CEO of Bitmain’s Rival Reportedly Arrested in China + More Crypto News
Crypto Briefs is your daily bite-sized digest of cryptocurrency and blockchain-related news – keeping you up-to-date with under the radar crypto news from around the world.
Zuoxing Yang, founder and CEO of Chinese Bitcoin miner maker MicroBT, and former processor design director at now major competitor, Bitmain, is reportedly being held by local police since the end of October, Coindesk reported, citing local media and an unidentified source. The investigation is likely over allegations of intellectual property infringement by the firm related to the technology of its rival Bitmain, it added. Yang left Bitmain in 2016 after being denied an equity stake by Bitmain co-founders Jihan Wu and Micree Zhan. After Yang founded MicroBT, he was sued by Bitmain over patent rights, however, the case was dismissed, Bloomberg reported previously.
The Basel Committee, which includes banking regulators from the United States, Europe and Japan, said on Thursday it had agreed to publish a discussion paper on the prudential treatment of crypto assets, according to Business Reporter. The goal is to agree how much capital lenders should be setting aside to cover risks from any holdings of crypto assets.
South Korean prosecutors and police officers want the government to allow it to seize Bitcoin and other cryptocurrencies. Digital forensics specialists joined prosecution officials in a call for legal reform, claiming that the police have struggled to confiscate tokens due to a lack of legal clarity on the matter, per Decenter.
Anatoly Aksakov, the Russian parliamentarian in charge of drafting the country’s crypto laws, has stated that Moscow must establish a way to block criminals from using cryptocurrencies. Per the Duma’s Parliamentary Gazette, Aksakov stated, “We need to establish legislation that will allow [blockchain and crypto business] tools to develop, but at the same time block channels that exploit the criminal usage of these tools.”
On a similar note, the Russian Ministry of Internal Affairs is looking to develop a solution for seizing cryptocurrencies in criminal cases. RBC reports that the fact that tokens have no legal status is proving to be an obstacle for the police when fighting crime funded by cryptocurrencies. But the ministry is said to be teaming up with law enforcement agencies in a bid to have an appropriate legal framework in place by 2021.
Between 2016 and 2018 the share of Canadians who were aware of Bitcoin increased from 62% to 89% and those who owned bitcoin increased from 3% to 5%, the Bank of Canada said in its recent report. However, the share of past owners also increased, suggesting an influx of bitcoin owners who subsequently divested after the steep rise of prices in 2017. The main reason for owning bitcoin remains speculation, though this share decreased slightly since 2017. On the other hand, the share of Canadians who reported using bitcoin for transactions a few times a month or more increased, the bank added.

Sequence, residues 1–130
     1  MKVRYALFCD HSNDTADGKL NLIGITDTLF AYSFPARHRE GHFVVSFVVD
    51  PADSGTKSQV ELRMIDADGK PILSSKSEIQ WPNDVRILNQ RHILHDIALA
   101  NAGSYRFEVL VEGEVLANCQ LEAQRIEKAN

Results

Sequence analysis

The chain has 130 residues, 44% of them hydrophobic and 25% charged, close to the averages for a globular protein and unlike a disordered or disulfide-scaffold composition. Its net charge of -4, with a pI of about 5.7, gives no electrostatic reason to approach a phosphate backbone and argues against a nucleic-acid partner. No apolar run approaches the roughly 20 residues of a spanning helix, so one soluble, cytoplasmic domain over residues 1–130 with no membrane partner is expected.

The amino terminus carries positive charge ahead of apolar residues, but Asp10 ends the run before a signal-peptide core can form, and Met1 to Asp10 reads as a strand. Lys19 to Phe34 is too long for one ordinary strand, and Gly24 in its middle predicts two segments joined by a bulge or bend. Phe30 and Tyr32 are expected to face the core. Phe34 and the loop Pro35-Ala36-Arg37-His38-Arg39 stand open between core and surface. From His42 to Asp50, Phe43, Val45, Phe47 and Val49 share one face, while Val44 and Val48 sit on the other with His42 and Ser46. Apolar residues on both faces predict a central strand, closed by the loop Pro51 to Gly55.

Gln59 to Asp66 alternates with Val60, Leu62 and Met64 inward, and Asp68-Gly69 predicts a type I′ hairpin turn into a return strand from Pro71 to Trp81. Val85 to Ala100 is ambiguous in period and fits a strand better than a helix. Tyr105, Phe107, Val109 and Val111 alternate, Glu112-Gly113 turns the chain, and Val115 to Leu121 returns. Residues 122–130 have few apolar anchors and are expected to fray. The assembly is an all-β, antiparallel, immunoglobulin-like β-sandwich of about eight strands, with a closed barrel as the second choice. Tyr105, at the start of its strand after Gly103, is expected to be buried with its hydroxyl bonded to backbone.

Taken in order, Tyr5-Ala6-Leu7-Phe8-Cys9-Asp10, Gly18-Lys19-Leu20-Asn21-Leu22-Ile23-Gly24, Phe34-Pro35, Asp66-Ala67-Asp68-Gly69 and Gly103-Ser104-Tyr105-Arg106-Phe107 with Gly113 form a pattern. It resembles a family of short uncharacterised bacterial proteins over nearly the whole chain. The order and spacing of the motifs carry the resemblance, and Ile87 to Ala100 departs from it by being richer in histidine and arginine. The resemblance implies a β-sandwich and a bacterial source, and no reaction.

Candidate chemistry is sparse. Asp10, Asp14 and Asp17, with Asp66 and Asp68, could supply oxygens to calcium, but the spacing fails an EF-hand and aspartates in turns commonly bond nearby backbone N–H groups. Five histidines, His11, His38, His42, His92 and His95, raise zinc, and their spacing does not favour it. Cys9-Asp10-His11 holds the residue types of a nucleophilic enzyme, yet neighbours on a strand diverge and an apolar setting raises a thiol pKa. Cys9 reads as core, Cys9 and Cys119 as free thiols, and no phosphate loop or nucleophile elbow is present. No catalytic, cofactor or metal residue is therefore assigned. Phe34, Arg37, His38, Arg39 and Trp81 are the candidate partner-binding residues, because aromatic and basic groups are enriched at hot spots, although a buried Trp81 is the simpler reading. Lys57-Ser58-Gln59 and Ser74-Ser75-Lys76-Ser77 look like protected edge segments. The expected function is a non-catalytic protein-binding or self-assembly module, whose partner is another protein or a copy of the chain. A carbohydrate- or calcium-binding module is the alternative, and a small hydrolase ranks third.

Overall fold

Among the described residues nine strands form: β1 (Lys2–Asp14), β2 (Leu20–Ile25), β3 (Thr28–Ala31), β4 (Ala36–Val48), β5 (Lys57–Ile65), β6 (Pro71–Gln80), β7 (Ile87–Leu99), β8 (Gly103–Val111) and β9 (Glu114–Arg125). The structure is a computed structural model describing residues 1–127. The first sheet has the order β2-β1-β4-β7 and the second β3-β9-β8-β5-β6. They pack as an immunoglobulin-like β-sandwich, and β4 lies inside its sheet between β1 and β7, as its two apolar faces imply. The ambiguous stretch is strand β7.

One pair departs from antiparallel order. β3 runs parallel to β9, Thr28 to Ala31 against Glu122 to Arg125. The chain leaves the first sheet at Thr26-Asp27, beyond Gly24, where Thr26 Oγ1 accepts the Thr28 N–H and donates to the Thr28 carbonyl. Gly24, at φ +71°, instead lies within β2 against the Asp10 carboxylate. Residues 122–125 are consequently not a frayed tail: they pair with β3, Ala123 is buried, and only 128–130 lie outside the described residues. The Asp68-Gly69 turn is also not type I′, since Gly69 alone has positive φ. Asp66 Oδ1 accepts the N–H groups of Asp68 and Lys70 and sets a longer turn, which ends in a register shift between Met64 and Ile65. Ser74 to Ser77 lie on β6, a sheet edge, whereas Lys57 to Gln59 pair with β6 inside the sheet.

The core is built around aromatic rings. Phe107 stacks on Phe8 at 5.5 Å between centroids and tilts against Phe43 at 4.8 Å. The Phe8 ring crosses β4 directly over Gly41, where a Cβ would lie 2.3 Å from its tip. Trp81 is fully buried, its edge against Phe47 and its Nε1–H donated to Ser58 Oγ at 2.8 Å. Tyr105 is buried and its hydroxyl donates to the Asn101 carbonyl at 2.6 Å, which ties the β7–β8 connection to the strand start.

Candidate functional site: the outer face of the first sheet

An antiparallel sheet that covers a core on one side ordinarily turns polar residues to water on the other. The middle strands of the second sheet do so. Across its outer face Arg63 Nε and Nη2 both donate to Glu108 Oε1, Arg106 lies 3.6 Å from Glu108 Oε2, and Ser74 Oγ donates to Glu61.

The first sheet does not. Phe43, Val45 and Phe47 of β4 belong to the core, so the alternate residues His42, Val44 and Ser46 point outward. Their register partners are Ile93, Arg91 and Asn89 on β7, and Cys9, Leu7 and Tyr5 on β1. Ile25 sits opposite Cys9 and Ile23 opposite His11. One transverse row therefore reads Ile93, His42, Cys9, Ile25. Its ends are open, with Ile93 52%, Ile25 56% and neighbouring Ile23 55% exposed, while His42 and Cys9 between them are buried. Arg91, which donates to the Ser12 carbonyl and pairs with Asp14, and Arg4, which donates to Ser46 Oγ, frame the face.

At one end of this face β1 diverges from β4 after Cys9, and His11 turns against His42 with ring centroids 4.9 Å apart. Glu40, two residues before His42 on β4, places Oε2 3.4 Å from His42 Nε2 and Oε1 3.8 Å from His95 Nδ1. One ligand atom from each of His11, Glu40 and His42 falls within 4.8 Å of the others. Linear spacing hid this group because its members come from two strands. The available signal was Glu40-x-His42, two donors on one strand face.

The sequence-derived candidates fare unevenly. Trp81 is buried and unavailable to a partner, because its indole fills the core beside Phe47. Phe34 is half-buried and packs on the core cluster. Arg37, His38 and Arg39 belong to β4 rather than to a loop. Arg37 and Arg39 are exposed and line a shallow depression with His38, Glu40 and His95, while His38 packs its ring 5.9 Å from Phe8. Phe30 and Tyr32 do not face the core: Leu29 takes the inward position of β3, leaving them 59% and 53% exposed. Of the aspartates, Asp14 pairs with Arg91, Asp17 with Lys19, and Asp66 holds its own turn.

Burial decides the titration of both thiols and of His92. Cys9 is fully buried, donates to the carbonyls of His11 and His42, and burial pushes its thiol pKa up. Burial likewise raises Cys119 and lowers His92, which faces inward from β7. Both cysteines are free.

South Korean conglomerate LG‘s chemicals arm, LG Chem, will partner Volvo on a multi-national blockchain-powered cobalt sourcing incentive, reports ETNews. Volvo, LG Chem and other companies, including IBM, have announced a multi-month pilot project in the DR Congo. The cobalt will be sourced in the African nation and then sent to LG Chem’s South Korea-based cathode materials and battery plant.
Japan’s Tech Bureau is set to launch a blockchain-powered medical records platform, the company revealed in a press release. The company, a former crypto exchange operator, will use the mijin blockchain protocol, and has teamed up with Yokohama-based HealthCareGate for the project.
Huobi is looking to make a USD 100 million investment that will see it open a crypto data center in Argentina. Per Clarin, the center will be the largest in Latin America. The news outlet also states that Huobi is aiming to begin peso trading on its platform by the end of November, and create some 100 jobs in Buenos Aires over the next two years.
Japan’s self-governing exchange group, the Japan Virtual Currency Exchange Association (JVCEA) has joined the International Digital Asset Exchange Association (IDAEA). The latter is an eight-member group of exchange bodies, and was launched at the V20 summit in Osaka this year. The JVCEA is the IDAEA’s second Japanese member, with the other being the Japan Blockchain Association. Per CoinPost, the JVCEA says the partnership will help members “explore a widely accepted framework for international cryptocurrency remittances.”
South Korean shopping mall aPM has announced that it will debut its new coin on Bitrex Global on November 14, per Joongang Ilbo. The company is thought to be targetting Chinese customers in particular, and has stated that 80% of its customers at its flagship Seoul outlet are Chinese. aPM stated that it was also hopefull of “announcing a listing on a reliable domestic exchange for South Korean users.”
After resolving previous disagreements over the future of the Zcash trademark, Electric Coin Company, the firm behind Zcash, has donated the trademark to the Zcash Foundation, a nonprofit that focuses on financial privacy. The agreement “provides a balance of power over what counts as “Zcash” or “ZEC,” while maintaining interoperability with standard legal and business frameworks,” the Foundation said.